What elements go into Apple iOS security?

iOS 10 Apple CSC Blogs

Apple users are now either happily picking up or awaiting delivery of their new iPhone 7s. That makes now an ideal time to review the many security elements in iPhone hardware and software design.

Many assume because mobile phones are small and easy to use that they are simple devices and simple to secure. That’s a huge misconception. These are complex computing environments that have a great need for security capabilities, even more than most desktops would need. Those elements include kernel and system security, encryption architecture, app security, network security and communication services.

One of the things that users appreciate about the iPhone is the level of security it provides and that it doesn’t get in the way of a quality user experience. Below is a fairly impressive list (taken from the iOS Security guide, published by Apple in May) of the many moving parts that go into securing all of the hardware, apps, data, network and communications functions of the iPhone:

System Security

  • Secure boot chain
  • System Software Authorization
  • Secure Enclave
  • Touch ID

Hardware Security

  • File Data Protection
  • Passcodes
  • Data Protection classes
  • Keychain Data Protection
  • Access to Safari saved passwords
  • Keybags
  • Security Certifications and programs

App Security

  • App code signing
  • Runtime process security
  • Extensions
  • App Groups
  • Data Protection in apps
  • Accessories
  • HomeKit
  • HealthKit
  • Secure Notes
  • Apple Watch

Network Security

  • TLS
  • VPN
  • Wi-Fi
  • Bluetooth
  • Single Sign-on
  • AirDrop security

Apple Pay

  • Apple Pay components
  • How Apple Pay uses the Secure Element How Apple Pay uses the NFC controller Credit and debit card provisioning Payment authorization Transaction-specific dynamic security code Contactless payments with Apple Pay Paying with Apple Pay within apps Rewards cards
  • Suspending, removing, and erasing cards

Internet Services

  • Apple ID iMessage FaceTime iCloud
  • iCloud Keychain Siri
  • Continuity
  • Spotlight Suggestions

Device Controls

  • Passcode protection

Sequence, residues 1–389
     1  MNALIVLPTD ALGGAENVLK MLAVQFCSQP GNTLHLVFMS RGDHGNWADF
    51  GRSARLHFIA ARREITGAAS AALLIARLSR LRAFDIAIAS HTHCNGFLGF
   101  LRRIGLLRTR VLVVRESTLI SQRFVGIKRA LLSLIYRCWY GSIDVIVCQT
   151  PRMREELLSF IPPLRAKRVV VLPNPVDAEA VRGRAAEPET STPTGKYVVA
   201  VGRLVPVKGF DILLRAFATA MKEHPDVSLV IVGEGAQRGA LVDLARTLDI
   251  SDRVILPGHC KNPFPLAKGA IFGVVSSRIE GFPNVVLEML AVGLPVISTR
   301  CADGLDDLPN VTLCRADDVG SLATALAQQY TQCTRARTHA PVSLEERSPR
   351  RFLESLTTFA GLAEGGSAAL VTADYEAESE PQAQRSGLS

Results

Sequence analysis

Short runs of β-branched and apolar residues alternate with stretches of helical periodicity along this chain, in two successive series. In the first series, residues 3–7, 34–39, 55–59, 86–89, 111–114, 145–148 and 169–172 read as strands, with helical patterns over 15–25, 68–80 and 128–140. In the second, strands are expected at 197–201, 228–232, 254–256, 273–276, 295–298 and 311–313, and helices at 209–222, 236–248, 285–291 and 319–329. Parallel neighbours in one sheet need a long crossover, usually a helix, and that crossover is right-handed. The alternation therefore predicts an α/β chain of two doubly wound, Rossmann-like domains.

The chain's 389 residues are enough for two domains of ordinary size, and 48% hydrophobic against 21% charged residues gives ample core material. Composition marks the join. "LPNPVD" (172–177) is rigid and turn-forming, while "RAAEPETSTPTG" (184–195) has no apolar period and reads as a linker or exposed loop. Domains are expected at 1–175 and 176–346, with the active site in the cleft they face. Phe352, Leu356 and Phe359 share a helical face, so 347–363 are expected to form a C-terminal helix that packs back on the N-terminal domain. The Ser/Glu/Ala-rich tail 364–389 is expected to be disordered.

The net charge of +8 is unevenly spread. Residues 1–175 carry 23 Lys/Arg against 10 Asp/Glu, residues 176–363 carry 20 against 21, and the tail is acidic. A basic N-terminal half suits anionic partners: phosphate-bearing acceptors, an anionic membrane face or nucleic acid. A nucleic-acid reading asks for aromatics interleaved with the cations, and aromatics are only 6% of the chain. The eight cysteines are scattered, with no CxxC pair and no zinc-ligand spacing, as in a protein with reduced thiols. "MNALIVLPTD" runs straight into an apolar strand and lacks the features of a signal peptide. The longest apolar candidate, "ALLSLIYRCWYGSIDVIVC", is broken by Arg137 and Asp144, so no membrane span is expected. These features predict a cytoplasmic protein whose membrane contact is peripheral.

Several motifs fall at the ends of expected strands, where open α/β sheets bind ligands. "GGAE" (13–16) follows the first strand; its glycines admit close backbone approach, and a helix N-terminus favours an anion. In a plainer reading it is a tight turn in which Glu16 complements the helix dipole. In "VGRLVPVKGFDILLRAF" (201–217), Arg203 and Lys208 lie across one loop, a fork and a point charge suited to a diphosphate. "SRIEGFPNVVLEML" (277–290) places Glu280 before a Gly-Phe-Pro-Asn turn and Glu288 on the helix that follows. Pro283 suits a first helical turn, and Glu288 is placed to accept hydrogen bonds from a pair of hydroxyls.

• iOS pairing model
  • Configuration enforcement
  • Mobile device management (MDM) Shared iPad
  • Apple School Manager
  • Device Enrollment
  • Apple Configurator 2
  • Supervision
  • Restrictions
  • Remote Wipe
  • Lost Mode
  • Activation Lock

Privacy Controls

  • Location Services
  • Access to personal data
  • Privacy policy

Apple says it redesigned the desktop security stack for a mobile environment.

“We thought about the security hazards of the desktop environment, and established a new approach to security in the design of iOS. We developed and incorporated innovative features that tighten mobile security and protect the entire system by default. As a result, iOS is a major leap forward in security for mobile devices.

Every iOS device combines software, hardware, and services designed to work together for maximum security and a transparent user experience. iOS protects not only the device and its data at rest, but the entire ecosystem, including everything users do locally, on networks, and with key Internet services,” according to the guide.

With iOS 10, Apple is upping its game when it comes to privacy.

As was announced at WWDC16 in mid-June, Apple is working on “differential privacy,” which should help improve the accuracy of user queries, while concurrently reducing the chance that users can be identified. Methods include throwing in noise in the transaction and hashing.

In an AppleInsider story, Inside iOS 10: Apple doubles down on security with cutting edge differential privacy, Aaron Roth, a privacy researcher at the University of Pennsylvania, called  Apple’s efforts here “groundbreaking.”

Let’s hope so, and let’s hope Apple and other mobile software makers keep breaking ground, as we know criminals and digital eavesdroppers will continue to innovate and push forward on their side of the security equation.

In my next post, I’ll detail steps users can take to set the security and privacy to appropriate levels on their new iPhones.


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